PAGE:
Jonathan M. Shillingford*†, Noel S. Murcia†‡, Claire H. Larson§, Seng Hui Low*, Ryan Hedgepeth¶, Nicole Brown‡,Chris A. Flask, Andrew C. Novick¶, David A. Goldfarb¶, Albrecht Kramer-Zucker, Gerd Walz, Klaus B. Piontek††, Gregory G. Germino††, and Thomas Weimbs*‡‡

Autosomal-dominant polycystic kidney disease (ADPKD) is a common genetic disorder that frequently leads to renal failure. Mutations
in polycystin-1 (PC1) underlie most cases of ADPKD, but the function of PC1 has remained poorly understood. No preventive
treatment for this disease is available. Here, we show that the cytoplasmic tail of PC1 interacts with tuberin, and the mTOR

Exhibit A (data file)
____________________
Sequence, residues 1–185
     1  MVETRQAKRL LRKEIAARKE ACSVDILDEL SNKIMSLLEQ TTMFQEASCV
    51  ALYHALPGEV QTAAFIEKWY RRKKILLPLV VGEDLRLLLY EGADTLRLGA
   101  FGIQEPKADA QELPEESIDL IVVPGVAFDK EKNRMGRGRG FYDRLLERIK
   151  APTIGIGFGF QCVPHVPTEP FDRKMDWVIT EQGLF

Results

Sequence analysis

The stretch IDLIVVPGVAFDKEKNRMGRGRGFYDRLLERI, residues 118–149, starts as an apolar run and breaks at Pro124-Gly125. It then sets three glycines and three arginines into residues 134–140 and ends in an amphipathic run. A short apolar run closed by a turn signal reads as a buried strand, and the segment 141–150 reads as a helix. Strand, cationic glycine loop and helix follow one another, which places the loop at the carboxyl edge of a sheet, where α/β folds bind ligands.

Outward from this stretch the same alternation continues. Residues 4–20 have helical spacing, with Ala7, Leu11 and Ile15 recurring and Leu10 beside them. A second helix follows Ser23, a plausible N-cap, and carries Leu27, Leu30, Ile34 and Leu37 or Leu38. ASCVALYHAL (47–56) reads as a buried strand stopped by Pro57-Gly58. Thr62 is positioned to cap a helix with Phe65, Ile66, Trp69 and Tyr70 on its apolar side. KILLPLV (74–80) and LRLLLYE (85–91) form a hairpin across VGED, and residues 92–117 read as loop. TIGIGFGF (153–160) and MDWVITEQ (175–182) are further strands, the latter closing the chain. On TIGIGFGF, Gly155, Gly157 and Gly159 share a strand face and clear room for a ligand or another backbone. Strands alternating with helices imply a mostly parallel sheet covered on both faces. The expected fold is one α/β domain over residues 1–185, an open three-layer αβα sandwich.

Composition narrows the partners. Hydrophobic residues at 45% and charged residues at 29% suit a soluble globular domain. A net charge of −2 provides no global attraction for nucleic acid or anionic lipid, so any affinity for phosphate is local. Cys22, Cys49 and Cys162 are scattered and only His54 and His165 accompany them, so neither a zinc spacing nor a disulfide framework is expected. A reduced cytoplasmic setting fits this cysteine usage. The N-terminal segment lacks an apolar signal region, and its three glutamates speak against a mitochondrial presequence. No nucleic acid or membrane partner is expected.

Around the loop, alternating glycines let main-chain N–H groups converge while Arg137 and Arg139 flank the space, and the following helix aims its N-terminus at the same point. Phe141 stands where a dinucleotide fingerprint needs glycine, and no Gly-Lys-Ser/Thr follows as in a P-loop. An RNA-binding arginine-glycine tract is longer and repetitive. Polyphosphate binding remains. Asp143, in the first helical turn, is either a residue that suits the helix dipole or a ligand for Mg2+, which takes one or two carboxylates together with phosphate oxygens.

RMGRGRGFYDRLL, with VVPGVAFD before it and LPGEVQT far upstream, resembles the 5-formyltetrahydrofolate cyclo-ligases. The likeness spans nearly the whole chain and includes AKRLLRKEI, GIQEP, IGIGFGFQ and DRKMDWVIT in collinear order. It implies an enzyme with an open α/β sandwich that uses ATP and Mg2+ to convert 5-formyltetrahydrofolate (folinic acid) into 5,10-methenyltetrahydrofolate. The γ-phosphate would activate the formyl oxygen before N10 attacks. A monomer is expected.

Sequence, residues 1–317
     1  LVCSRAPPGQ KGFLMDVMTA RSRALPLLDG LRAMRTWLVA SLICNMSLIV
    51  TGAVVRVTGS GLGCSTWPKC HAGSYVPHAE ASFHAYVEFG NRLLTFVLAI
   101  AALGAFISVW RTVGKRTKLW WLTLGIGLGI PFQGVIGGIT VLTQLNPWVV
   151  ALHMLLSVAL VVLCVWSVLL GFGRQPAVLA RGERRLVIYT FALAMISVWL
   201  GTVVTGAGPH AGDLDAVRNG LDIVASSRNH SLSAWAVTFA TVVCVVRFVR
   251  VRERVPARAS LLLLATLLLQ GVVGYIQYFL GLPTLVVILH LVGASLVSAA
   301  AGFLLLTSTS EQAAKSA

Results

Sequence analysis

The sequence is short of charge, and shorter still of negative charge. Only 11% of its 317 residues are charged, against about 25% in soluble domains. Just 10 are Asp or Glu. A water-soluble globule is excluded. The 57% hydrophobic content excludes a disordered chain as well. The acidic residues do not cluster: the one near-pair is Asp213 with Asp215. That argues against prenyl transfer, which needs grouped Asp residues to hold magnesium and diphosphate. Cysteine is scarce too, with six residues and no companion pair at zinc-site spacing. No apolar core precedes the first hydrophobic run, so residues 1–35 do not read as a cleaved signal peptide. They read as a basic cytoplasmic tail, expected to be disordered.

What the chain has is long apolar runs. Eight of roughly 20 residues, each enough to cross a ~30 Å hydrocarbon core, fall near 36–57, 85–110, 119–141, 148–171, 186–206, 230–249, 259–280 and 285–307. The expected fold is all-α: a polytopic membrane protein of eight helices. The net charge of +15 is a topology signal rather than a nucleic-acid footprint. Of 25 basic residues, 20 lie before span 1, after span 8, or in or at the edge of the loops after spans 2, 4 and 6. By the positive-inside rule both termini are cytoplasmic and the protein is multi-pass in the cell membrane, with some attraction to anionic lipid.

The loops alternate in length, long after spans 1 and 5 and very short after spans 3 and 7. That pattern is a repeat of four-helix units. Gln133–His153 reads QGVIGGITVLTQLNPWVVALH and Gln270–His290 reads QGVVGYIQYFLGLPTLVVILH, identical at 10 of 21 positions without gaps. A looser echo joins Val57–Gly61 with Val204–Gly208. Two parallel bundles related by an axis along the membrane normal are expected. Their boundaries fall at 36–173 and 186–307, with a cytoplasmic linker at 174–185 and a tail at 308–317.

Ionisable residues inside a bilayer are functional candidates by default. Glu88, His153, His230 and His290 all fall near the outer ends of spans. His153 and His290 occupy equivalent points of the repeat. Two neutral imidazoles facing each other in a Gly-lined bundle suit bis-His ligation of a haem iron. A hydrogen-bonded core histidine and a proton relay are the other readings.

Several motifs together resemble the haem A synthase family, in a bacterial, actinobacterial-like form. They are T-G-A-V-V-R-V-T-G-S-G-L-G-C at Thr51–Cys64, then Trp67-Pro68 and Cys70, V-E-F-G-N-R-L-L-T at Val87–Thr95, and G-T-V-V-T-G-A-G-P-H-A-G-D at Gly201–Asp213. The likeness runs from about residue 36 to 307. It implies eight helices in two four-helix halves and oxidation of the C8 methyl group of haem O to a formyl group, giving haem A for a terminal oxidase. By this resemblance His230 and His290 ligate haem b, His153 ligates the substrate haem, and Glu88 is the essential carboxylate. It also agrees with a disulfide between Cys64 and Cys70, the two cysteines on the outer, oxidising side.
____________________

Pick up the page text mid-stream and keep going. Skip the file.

pathway is inappropriately activated in cyst-lining epithelial cells in human ADPKD patients and mouse models. Rapamycin, an
inhibitor of mTOR, is highly effective in reducing renal cystogenesis in two independent mouse models of PKD. Treatment of human
ADPKD transplant-recipient patients with rapamycin results in a significant reduction in native polycystic kidney size. These results indicate that PC1 has an important function in the regulation of the mTOR pathway and that this pathway provides a target for medical therapy of ADPKD.

mTOR is out of control in polycystic kidney disease
Keith E. Mostov*